I believe in the Holy Spirit, the Lord and Giver of Life. I am a Heretic.


AGE

In the early 70’sthe Mets were in the World Series for the second time. I was in my early teens, and watched fervently, as my grandfather, a former NY Giants baseball fan, had switched his allegiance to the Mets. I could root for them as a loving grandson could only do; with the demand that they must win for Grampa. The added excitement included two new twists, the hated Baltimore Orioles as an opponent, with Willie Mays in the Mets lineup. The Say Hey Kid! The player who could do anything on a diamond and do it with style and grace. Never having seen him play before, who could resist the pull of watching Willie play in the Series? Not this child.

This was the first time in my life I faced with mortality- and the memory of it is seared into my brain. Willie Mays up at bat in a run situation; he was pinch hitting of course, but this was Willie Mays– the Orioles were dead meat– or so I thought.

Pitch one; a high hard one, right in the wheelhouse; Willie steps in the bucket and swings like my old great grandma. Strike one!

The second pitch; another gopher ball, Willie swings as hard as he can, and falls down(I swear he closed his eyes!). Strike two!

Here comes pitch three, a repeat of the last two pitches. Willie steps in the bucket again, and somehow… SOMEHOW, he nicks the ball and it takes a crazy bounce over the mound, evading the pitcher. In a rage– (this sorry old man miraculously hit the baseball !) the Oriole pitcher takes his glove off and hurls it to the dirt in disgust. The ball squibs into the edge of the outfield very similar to a suddenly freed spiny hedgehog. Willie fell down again after the swing but amazingly reached base safely.

Had I witnessed the destruction of the Second Temple? No, but as a stupid kid, I doubt very much that I would have been more horrified at what I had seen. The Say Hey Kid; Willie Mays; THE number 24; was washed up, and showed it in a spectacular way. The results of the play are eroded away in the detritus of my neural net. Who on or lost the game? Don’t know. Who won the Series? Could not say.

All I can recall is my reaction to that earthshattering episode in my young life:

“When I get to be 41 years old, like Willie is now,” I promised myself, ” I am going to commit suicide, rather than be such a sorry specimen of humanity”.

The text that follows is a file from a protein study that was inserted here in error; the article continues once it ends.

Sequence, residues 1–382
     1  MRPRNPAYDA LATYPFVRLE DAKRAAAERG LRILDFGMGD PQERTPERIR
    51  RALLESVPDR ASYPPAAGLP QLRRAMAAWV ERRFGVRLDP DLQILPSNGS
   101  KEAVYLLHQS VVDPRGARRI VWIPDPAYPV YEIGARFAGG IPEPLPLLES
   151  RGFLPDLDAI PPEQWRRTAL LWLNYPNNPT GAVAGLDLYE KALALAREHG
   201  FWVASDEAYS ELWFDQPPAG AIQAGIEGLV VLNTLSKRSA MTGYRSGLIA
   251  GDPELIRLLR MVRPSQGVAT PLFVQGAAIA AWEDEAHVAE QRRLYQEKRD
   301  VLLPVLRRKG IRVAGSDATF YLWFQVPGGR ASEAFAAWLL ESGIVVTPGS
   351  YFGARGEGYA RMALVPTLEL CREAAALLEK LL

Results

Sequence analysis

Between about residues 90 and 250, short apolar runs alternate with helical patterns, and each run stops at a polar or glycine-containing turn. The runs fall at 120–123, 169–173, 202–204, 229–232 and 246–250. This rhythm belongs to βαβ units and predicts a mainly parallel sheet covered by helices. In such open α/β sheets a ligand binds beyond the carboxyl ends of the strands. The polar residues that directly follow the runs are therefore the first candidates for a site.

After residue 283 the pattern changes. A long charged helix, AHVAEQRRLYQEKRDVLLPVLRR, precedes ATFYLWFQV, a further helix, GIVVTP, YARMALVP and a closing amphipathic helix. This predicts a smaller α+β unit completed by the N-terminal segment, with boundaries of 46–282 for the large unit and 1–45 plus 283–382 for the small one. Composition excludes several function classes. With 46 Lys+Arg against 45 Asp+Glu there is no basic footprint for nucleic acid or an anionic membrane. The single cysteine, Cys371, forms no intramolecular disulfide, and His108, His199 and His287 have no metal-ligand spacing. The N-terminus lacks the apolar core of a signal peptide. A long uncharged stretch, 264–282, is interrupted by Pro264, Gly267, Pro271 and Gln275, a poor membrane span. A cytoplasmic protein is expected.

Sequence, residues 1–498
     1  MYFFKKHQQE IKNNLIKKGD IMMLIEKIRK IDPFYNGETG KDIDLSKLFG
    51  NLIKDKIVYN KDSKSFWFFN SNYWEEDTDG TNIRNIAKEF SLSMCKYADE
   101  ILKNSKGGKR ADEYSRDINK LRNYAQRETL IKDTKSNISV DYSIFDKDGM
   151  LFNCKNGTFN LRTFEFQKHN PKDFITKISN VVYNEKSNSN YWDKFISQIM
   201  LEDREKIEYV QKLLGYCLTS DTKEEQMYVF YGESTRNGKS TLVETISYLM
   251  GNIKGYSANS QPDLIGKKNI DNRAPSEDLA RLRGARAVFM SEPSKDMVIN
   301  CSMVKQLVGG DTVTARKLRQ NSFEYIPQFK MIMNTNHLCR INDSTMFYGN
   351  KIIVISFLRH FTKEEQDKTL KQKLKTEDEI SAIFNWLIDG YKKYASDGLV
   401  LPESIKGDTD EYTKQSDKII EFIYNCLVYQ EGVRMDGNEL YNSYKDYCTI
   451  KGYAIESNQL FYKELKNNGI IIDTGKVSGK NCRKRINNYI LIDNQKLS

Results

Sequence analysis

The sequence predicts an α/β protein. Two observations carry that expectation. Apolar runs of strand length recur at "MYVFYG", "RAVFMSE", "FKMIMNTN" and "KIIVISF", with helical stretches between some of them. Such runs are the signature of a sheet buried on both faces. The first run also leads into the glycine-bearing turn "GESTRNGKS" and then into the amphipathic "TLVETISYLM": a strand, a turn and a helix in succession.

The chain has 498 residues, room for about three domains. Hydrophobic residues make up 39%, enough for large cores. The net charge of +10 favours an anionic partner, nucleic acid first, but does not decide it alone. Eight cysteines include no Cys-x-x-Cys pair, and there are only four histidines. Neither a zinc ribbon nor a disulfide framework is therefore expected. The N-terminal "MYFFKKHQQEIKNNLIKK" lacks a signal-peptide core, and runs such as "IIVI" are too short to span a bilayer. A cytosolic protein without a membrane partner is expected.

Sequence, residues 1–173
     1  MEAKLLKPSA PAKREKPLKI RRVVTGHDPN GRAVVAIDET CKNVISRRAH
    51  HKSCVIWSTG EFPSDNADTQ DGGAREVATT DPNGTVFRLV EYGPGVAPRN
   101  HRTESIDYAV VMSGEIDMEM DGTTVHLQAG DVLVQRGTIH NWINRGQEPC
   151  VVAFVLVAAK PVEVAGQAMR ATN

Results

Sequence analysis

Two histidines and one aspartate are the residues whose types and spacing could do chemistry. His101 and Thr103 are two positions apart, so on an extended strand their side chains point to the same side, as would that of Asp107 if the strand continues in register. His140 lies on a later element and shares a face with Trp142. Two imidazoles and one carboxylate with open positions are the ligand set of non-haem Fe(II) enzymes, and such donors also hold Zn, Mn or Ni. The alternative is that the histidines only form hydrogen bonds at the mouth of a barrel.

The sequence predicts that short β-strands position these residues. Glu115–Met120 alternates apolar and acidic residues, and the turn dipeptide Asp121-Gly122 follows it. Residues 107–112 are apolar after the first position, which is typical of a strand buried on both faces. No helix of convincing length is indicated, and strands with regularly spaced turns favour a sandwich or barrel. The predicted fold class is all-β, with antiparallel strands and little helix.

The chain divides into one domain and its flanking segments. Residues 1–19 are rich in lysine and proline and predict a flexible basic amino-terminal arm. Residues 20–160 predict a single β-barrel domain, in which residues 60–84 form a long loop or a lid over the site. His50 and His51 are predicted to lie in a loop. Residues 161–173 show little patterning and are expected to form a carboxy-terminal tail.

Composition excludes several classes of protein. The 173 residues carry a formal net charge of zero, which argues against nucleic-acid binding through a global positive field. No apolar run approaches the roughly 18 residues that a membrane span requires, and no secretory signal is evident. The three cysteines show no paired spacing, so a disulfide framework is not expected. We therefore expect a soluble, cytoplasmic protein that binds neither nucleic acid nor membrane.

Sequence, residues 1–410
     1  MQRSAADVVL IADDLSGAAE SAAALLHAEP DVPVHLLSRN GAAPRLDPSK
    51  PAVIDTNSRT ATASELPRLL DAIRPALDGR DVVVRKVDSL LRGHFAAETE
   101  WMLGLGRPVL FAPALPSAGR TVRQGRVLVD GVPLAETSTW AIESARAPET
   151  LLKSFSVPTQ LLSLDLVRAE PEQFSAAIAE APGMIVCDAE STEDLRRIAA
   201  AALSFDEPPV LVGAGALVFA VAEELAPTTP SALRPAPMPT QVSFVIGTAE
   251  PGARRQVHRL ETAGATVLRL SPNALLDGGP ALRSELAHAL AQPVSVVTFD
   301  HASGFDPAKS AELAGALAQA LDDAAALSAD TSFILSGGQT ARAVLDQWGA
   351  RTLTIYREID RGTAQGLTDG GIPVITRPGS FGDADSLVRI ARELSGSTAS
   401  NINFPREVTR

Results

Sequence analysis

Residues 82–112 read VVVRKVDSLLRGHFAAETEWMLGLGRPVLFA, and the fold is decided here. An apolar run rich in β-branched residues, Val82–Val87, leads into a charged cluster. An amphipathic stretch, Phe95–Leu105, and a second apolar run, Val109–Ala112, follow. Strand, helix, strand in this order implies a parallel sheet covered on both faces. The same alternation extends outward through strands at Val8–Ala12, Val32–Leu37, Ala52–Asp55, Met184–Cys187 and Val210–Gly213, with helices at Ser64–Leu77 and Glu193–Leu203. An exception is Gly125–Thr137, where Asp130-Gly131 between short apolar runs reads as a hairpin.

Every birthday since, with increasing trepidation I remember that moment, and what I had vowed. Of course as I matured the wistful recollections took on a more tragicomic tone, rather than the sanguine horror felt at the time. I can assert here and now that it has been forty two years since then; I have not acted upon that solemn promise of so long ago: nor do I intend to. Thus the monolithic touchstone of Age within my existential realm. I am washed up and a functional shadow of my past. Yet somehow life is just as precious as ever before with substantive differences and yardsticks. I cant bend a horseshoe with my bare hands any more, but I can pray with more concentration and fervency. There is more hair in my ears than on my head; yet I know what true love is. I cant snap a waspy bronc an longer; but I am getting to be a real hand at riding mercy and compassion almost to a standstill. I have shed the costume of a boy, and am in the process of putting on the working clothes of a man.


What a Piece of Work is Man (or Cow)

Evening

 It is late February in Eastern Montana; Thirty degrees Fahrenheit, with no wind. Thus far the weather has been perfect for a high plains stockman; open as we like to say. Though there has been about 20 inches of snowfall so far, several chinooks have come. Their warm summer-like winds bared off the range letting the cattle graze almost every day through the cold. It’s not like most of the world; fall cured native grasses are as good as excellent hay due to the semi-arid climate. The summer was good, pasture saved for winter with natural windbreaks and cover is well sodded over and the grass is as strong as alfalfa hay. All that is needed now is fair weather so the livestock can move out and graze. These are the types of winters that made Montana famous. The haystacks lay silent and still, great snow covered prickly beasts slumbering out the winter on wind scoured flats.

A big dark soggy line in the western sky portends the next move in this cyclical struggle:  wits and courage versus the random unfeeling foe: Old Man Winter. Soon the winds pick up; thin storm streamers sail past like javelins hurled by an advancing skirmish line. And that it just what it is;  the periodic northern invader pours through Judith gap- another Alberta Clipper sends broadsides of blizzard into the unsuspecting Musselshell country.